Diagnose performance issues with network hardware

Several factors can affect the performance or the connectivity of a network:
  • If using Ethernet and mixing Half-Duplex with Full-Duplex (Or using Automatic Detection / Autosense)
    • If using a hub force all to use Half-Duplex
    • If using a switch force all to use Full-Duplex (If using a Switch with management software then remember to check that the ports are configured properly)
  • If using Ethernet and connecting more than 8 people to a Hub, then collisions will come at higher load because the Hub broadcasts
    • Use a Ethernet Switch instead, which doesn't broadcast, if needing a larger network
  • If a single computer is experiencing connection dropouts or slow speed:
    • Check the connection to the network. Try a different cable that have proven to work, Try a different port on the hub/switch that have proven to work, Try a different network adapter.
    • If the computer has an IDE hard disk installed, then check that the IDE HDD is configured properly.
    • If slow file copy performance then try other file transfer protocols like FTP, HTTP, Microsoft Network etc., as problem can be caused a misconfigured file sharing protocol.
    • Test the overall network performance using the very simple PING protocol, by launching multiple large packet PING commands against the machine to test its network bandwidth capabilities:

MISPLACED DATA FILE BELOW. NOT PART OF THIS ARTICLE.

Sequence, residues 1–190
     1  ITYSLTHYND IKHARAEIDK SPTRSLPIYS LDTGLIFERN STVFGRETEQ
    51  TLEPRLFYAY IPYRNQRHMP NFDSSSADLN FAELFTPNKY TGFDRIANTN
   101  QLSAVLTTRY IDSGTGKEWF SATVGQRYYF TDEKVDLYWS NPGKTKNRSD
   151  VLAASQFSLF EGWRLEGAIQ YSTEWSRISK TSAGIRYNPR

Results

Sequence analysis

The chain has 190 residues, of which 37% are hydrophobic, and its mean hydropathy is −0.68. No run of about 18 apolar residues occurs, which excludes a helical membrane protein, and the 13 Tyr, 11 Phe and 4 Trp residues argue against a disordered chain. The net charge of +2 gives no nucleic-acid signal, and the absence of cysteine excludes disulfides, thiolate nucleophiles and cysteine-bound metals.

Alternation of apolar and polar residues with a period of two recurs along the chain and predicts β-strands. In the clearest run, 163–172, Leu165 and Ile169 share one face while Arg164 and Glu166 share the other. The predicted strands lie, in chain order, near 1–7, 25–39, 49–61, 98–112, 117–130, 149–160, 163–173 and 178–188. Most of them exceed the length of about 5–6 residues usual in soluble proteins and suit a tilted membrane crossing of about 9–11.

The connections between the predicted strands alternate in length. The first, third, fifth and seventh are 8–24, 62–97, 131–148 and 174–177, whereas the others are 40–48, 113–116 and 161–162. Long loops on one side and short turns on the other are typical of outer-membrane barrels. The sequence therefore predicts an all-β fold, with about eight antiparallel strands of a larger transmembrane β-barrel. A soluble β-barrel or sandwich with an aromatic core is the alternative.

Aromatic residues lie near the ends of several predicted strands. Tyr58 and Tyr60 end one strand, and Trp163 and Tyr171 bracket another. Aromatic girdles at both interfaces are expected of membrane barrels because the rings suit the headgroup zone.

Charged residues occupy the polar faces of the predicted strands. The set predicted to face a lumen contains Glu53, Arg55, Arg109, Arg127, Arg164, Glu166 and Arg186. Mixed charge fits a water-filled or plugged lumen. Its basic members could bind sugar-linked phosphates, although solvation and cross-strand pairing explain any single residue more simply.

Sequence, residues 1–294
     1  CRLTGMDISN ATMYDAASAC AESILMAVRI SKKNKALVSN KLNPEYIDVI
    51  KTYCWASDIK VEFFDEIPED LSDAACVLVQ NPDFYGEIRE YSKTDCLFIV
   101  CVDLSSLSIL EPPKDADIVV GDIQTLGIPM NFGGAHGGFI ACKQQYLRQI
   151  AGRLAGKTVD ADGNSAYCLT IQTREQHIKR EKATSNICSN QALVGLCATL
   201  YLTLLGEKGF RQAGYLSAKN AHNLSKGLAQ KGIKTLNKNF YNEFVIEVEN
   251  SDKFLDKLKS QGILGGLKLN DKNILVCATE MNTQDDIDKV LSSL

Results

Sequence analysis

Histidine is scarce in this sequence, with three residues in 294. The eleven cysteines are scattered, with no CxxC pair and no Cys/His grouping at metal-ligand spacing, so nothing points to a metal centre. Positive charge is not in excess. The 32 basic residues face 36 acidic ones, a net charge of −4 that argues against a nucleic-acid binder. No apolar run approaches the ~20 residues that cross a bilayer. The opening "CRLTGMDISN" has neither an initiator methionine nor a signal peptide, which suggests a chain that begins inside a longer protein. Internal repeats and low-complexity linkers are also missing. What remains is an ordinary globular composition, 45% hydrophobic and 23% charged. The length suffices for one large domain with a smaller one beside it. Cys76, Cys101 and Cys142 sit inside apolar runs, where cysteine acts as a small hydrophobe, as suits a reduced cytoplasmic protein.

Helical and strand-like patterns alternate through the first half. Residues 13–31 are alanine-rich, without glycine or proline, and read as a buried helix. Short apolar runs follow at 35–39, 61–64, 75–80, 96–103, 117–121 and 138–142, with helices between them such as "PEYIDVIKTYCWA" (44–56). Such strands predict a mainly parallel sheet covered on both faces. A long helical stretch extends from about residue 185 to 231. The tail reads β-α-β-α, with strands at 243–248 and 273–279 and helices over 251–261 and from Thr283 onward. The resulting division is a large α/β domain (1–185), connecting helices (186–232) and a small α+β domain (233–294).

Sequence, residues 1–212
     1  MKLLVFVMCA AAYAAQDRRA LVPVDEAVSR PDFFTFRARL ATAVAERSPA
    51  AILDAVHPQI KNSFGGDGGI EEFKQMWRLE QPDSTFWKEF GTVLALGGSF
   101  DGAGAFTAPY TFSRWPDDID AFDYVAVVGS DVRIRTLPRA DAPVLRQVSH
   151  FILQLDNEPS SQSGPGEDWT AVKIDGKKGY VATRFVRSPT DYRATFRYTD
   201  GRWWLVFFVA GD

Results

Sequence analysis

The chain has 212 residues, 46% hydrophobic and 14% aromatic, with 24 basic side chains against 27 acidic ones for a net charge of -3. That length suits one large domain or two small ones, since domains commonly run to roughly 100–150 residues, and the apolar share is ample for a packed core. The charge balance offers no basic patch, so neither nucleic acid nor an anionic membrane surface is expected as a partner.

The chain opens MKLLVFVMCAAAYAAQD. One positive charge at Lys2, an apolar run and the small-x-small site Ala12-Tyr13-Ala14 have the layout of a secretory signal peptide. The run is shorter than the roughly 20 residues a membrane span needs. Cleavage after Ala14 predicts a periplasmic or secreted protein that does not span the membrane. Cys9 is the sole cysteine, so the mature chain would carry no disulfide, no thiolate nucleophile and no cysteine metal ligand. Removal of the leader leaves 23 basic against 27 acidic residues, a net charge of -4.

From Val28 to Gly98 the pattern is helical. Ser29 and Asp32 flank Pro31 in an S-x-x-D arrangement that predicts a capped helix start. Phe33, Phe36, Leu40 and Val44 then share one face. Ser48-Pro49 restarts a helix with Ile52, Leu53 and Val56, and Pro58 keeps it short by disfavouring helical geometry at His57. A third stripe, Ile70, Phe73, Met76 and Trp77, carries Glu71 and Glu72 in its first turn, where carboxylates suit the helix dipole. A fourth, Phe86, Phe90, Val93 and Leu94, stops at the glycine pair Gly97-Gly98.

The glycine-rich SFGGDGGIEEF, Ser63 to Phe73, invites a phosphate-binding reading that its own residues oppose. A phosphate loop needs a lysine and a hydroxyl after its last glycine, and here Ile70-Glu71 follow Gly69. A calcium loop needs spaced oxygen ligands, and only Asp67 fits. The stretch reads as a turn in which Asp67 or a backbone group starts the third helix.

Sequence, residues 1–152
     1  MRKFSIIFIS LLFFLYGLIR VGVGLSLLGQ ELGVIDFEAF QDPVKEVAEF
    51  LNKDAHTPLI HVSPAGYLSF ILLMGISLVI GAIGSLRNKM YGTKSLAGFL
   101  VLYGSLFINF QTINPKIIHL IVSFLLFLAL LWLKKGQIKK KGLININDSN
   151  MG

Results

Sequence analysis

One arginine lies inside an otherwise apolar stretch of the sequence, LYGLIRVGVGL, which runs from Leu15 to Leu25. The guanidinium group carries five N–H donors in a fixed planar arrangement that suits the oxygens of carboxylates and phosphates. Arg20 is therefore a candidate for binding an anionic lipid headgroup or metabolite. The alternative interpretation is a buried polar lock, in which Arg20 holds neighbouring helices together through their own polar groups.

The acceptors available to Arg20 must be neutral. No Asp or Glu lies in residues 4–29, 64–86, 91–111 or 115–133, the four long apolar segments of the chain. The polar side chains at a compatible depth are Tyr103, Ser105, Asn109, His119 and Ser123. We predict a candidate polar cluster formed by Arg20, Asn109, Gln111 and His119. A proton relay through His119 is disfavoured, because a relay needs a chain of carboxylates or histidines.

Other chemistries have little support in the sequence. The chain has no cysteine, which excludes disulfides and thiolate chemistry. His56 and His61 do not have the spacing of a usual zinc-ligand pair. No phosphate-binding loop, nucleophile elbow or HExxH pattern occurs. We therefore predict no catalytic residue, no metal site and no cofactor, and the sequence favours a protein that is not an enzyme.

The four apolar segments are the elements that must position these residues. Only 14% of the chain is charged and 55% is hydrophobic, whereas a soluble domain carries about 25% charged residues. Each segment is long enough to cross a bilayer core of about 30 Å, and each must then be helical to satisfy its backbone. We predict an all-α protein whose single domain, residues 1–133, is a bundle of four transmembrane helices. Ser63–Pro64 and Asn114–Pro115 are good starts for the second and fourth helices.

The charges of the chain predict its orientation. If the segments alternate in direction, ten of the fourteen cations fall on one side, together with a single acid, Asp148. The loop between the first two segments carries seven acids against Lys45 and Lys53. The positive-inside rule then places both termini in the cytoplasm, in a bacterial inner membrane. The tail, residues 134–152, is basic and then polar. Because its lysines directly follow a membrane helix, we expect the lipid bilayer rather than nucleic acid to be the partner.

ping 10.0.0.5 -l 65500 -t

    • Check drivers and operating system by uninstalling the network adapter along with network protocols and reinstall it again (Maybe check for ghost devices)
    • Check for hardware/software conflicts. If an addon Network Adapter, then try to place it in a different PCI slot so it doesn't share IRQ. If onboard, then try to disable other unnecessary onboard devices and rearrange PCI addon cards.
Several factors can affect the performance of the Internet connection:
  • The cable from your computer to the router/modem might be bended and disturb the signal
    • Check whether messing with the cable improves things, or if possible change it with a new one
  • The cable from your router/modem to the wall outlet might be bended and disturb the signal
    • Check whether messing with the cable improves things, or if possible change it with a new one
  • Other devices attached to the same wall outlet or placed nearby might disturb the signal (A phone can disturb a modem or DSL line)
    • Unplug unneeded devices like speakers, phones, television to see if it is the case
  • The cable from your wall outlet to the ISP Central might be of bad quality and lower the max bandwidth
    • Usually on request the ISP can measure the quality of the connection quality of the line
  • The ISP is having problems with its own servers or routers (Affecting a large group of customers)
    • Check the ISP maintenance web-page, newsgroup or telephone to see if it is the case (Usually it is solved within an hour)
    • Test the connection to a public server (like Google or other local ISP) to see if there is a problem with a router (ping drops, slow ping times no connection beyond it) using a combined tracert and ping tool like WinMTR
  • If using a DialUp-modem, then it might be configured to use options not supported by your ISP
    • Contact your ISP support and ask them for how to configure your modem to match their configuration
Related Creating a Local Area Network (LAN)

Updated: 31 October 2007

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